'This Mindset Shift Was Key To Finally Building Muscle And Strength'

strength training transformation
Strength Training Helped Me Rediscover Discipline Courtesy Kimberly Lopez - Hearst Owned

Growing up in Puerto Rico, I was an active child and fell in love with volleyball. When I was 10, my mother and I picked up and moved to New York. While adjusting to my new home and my mom's long work hours, I had to take care of myself more. As a result, I started gaining weight.

By age 21, I was dealing with lower back pain from a car accident and became pregnant with my daughter. I weighed 250 pounds, which caused sciatica pain and made carrying my pregnancy harder. At one point, it was even difficult to walk. My self-image took a hit, I was depressed, and I felt like I lost myself.

My daughter inspired me to make major changes in my health and start a fitness routine.

After I gave birth to my daughter, I hit a turning point.

In 2018, I decided to sign up for XSport, a local gym facility, and started using YouTube to teach myself different workouts. I also worked with a personal trainer for a month to learn the basics of equipment and exercises in the gym and get a meal plan started. My mom was always big on working out, so we would go together as well.

I started seeing results, but at that point, I was only focused on losing weight, not strength or building muscle. I did cardio-heavy workouts seven days a week. It was mostly the treadmill and elliptical.

When I saw the number on the scale continue to drop, it sparked my curiosity for the machines and weights.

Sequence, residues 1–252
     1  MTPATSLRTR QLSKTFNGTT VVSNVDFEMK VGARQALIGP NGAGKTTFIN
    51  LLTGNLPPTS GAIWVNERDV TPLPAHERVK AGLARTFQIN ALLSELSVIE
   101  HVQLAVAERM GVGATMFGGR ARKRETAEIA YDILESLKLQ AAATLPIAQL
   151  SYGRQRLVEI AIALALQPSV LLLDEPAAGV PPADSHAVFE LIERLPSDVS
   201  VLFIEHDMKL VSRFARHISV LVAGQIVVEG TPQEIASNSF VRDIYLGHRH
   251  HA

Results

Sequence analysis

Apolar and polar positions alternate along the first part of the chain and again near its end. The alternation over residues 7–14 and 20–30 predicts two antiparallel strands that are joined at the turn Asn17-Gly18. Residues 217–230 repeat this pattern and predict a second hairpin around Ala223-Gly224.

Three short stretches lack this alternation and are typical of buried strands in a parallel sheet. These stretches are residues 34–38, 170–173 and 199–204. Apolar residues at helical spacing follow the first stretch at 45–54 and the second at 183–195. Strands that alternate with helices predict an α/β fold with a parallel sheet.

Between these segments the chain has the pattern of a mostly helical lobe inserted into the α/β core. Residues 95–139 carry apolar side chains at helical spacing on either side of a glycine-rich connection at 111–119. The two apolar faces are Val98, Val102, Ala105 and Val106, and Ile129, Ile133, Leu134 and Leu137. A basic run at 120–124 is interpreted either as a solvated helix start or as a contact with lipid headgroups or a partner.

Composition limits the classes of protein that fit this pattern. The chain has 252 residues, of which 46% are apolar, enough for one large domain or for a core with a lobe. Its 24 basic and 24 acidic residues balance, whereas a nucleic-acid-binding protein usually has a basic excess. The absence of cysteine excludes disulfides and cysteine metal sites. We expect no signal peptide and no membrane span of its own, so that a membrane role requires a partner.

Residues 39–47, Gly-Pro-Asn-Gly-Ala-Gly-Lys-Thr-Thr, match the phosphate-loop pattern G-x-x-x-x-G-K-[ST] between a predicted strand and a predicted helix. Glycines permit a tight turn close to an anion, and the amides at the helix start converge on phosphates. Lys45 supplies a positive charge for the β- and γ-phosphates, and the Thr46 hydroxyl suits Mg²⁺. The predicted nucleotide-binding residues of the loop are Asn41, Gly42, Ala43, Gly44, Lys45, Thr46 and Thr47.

Luckily, my boyfriend at the time was a bodybuilder and taught me a lot. He gave me the tools I needed to build muscle and challenge myself on my own.

Transitioning out of cardio-focused workouts and light weights and into a new routine was challenging. It was exciting to know that I was taking the right steps to see the results I wanted.

Learning so many new things at once and then putting it into action was also intimidating. I felt overwhelmed. Between early morning gym sessions, measuring my meals, creating enough time to stretch, and hitting my water goals, it was a lot.

I knew I had a foundation of fitness, but I needed to put the pieces together in a way that worked for me and for my goals. Things didn't start to click for me until waking up at 4 a.m. for cardio became second nature.

Now, I approach my training like a bodybuilder and often do two workouts a day.

I currently train at a bodybuilding gym (Xtreme Fitness) six days a week and do cardio about seven days a week. Generally, I do my cardio in the morning and go back to the gym in the evening to strength train. I used to have push and pull days, but now I have four leg days and one upper-body day once a week. On my rest days, I'm usually working, so it’s more of an active recovery day.

Some of my go-to exercises include Bulgarian split squats, goblet squats, leg curls, and leg extensions. I try to stay away from squatting because of my sciatica. For upper body, I’ll do side and front lateral raises, lat pulldowns, and seated cable rows.

I usually do four sets of 15 to 20 reps for every exercise. Each week, I’ll try to up the weights and test myself, and if I feel like I can’t hit my usual goal, then I’ll max out at 12 reps instead.

I’m preparing to compete in my first bodybuilding competition later this year in the women’s wellness division, which focuses on bigger legs and glutes and a leaner upper body. I’m also in the process of becoming a certified personal trainer.